If your jewelry chain is the kind that comes as a string of chain wrapped into a roll, cut a length of chain that, when folded to meet end to end, hangs down to the spot on your chest where you want your finished pendant to eventually sit. If your chain comes in a complete ring like mind, choose a link and use your conical tongs or pincers to pry it open, freeing the next link in the chain on one side to make two ends. Feel free to trim or shorten the chain here as necessary. Set the end with the opened ring carefully down and work with the other end. Slide your pendant onto the chain through the loop with the floral pattern and glass lens facing you. Set it down with the chain still in the loop.
Then pick up one of your mounted pearl beads and hook the looped end of your mounting rod through the last chain link on the end you just put through the pendant. Hold things in place and use your conical tongs to close the loop you made in the rod entirely to keep that chain link in place. Then use the tongs to curl the remaining straight end of the rod on the other side inwards towards the bead just like before, closing it well. Repeat this pearl and rod looping and closing process, but this time hooking the loop of your second mounting rod into the freshly curled second loop you just made in the previously straight end of your first rod. When you’re done that, hook the bottom loop of the third one into the newly closed loop of the second one. Create a loop in the last straight end of your third beaded mounting rod, making sure that you close it entirely. Carefully pick up the other end of your jewelry chain, where you opened the chain link and then set it down. Hook this opened link into the mounting rod loop you just finished and then use your tongs to close this chain link around that loop, effectively closing the necklace chain itself. You won’t need to add a clasp if you made your chain nice and long like mine so that it fits easily over your head. If you’re trying to make a shorter necklace style, however, you might consider inserting a necklace clasp somewhere in the chain by opening up another link and closing it around the loop in the end of the clasp.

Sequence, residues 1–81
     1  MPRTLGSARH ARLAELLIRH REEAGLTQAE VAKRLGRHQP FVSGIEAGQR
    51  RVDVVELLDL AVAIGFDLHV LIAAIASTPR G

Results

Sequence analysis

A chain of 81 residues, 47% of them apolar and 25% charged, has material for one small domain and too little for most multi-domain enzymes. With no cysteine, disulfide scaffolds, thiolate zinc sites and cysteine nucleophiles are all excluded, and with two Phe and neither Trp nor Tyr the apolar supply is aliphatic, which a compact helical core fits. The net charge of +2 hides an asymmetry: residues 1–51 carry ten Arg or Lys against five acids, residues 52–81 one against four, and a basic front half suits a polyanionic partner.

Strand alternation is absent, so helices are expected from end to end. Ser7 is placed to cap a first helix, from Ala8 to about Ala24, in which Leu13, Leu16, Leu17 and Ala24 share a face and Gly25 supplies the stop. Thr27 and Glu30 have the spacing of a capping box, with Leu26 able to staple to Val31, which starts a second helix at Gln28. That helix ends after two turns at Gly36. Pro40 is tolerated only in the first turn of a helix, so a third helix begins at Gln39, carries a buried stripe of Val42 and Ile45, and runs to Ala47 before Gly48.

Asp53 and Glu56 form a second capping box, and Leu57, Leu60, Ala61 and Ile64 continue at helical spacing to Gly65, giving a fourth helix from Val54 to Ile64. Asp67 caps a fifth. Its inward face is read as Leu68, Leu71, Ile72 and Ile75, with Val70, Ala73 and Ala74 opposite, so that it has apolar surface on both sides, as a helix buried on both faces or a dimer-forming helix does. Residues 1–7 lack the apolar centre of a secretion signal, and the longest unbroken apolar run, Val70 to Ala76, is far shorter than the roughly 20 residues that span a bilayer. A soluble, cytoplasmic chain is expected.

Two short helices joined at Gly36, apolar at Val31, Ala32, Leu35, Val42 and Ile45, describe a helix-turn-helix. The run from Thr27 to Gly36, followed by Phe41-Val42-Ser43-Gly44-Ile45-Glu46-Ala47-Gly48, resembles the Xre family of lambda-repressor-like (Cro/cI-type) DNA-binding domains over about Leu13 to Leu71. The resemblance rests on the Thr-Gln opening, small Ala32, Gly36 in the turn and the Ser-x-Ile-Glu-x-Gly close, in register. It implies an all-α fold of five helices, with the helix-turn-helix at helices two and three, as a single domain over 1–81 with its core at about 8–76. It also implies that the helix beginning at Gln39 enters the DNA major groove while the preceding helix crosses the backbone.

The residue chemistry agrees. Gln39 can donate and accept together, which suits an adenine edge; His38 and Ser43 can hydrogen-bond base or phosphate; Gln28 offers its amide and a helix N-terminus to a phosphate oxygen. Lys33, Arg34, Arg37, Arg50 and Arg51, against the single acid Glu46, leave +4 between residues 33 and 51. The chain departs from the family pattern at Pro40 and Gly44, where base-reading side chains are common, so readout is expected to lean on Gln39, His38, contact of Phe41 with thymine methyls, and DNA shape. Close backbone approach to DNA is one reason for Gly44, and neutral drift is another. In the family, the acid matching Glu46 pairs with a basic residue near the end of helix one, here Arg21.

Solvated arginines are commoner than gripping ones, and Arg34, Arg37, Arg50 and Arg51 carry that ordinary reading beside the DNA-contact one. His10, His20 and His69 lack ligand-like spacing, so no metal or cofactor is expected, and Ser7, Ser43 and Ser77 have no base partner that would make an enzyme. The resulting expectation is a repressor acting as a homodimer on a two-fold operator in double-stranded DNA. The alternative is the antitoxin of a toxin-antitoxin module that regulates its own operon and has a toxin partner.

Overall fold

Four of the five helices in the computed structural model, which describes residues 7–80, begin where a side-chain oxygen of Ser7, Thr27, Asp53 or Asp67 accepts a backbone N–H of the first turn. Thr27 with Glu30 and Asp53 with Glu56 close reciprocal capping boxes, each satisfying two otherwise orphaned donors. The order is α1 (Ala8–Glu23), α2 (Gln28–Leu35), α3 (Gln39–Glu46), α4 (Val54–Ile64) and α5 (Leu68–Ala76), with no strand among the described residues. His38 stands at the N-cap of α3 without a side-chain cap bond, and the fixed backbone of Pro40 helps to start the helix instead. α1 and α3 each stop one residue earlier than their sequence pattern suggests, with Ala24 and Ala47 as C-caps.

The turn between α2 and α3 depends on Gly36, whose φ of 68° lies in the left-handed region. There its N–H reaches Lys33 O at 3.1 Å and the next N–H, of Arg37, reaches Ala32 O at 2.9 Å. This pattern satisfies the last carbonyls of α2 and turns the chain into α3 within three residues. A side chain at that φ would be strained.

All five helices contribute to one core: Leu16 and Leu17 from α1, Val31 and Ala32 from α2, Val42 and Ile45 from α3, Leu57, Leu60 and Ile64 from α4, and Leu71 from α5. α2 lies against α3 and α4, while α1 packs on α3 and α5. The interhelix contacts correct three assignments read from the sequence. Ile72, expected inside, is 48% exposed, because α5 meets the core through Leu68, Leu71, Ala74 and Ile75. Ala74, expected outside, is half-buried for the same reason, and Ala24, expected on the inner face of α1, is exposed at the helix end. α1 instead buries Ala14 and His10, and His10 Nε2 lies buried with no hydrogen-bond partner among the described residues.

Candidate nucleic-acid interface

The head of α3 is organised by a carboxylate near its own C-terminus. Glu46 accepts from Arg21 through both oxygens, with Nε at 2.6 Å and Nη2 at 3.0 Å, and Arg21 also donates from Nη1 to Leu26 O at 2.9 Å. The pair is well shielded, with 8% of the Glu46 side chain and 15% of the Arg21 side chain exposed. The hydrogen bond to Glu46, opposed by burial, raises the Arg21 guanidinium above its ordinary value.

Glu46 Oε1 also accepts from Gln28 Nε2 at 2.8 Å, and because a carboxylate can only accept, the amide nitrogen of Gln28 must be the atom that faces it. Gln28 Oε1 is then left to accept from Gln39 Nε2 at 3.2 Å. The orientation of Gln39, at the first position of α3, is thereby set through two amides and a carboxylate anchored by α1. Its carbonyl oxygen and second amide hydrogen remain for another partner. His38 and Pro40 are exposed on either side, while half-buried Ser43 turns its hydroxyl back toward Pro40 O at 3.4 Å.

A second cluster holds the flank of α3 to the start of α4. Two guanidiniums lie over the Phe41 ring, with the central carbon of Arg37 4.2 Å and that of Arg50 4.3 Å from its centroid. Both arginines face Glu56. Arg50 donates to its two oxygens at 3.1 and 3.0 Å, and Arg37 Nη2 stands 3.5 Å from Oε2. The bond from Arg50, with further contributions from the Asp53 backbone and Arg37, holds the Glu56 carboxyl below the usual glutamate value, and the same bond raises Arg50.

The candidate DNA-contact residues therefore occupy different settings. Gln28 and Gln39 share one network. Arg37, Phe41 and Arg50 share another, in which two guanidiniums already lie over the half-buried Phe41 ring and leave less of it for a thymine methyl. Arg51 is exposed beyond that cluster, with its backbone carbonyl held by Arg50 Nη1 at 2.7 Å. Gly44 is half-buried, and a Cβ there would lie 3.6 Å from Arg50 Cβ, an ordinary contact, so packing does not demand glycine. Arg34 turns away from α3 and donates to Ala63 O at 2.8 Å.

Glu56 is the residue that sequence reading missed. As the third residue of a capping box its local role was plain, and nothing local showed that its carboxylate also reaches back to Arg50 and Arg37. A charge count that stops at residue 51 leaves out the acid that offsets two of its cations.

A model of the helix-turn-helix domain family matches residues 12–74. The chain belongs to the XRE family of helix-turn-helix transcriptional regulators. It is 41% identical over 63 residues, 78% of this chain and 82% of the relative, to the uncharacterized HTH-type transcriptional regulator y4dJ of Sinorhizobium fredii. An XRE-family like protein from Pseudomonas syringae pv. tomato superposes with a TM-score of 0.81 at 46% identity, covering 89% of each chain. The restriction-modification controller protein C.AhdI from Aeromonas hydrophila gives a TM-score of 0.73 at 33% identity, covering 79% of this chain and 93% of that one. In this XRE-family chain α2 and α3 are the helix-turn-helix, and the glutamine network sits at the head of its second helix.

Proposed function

On your tabletop, slide the pendant down to where you’d like it to hang and sit against your chest in reference to your pearled beads. I chose to position mine to the right of my pendant, higher up on the chain about halfway between my shoulder and the floral pattern in the lens. On the opposite of the necklace where you have uninterrupted chain, you’ll make a bow. Cut a piece of silk ribbon about four inches long. Slide it under the chain in the place you’re going to position it so that the chain intersects with the middle of the ribbon piece; I positioned my necklace on the table so the chain ran horizontally and slid my ribbon under so it ran vertically. Tie your ribbon in a tight knot around the chain, affixing it where you want it to sit on the chain in reference to your pendant. When you’re happy with its positioning, tie the ends of your ribbon in a nice bow, pulling tightly so the bow lasts.
That’s really all there is to it! Of course, you don’t have to use the same vintage peach colour scheme that I used here; you can creatine style, coordination, and contrast with any kind of paper design, bead style, or ribbon colour you please. You could even used a scrap of patterned fabric inside your glass lens pendant in place of the paper if you preferred! If you’re still into the idea of seeing this necklace happen in action, check out this video tutorial.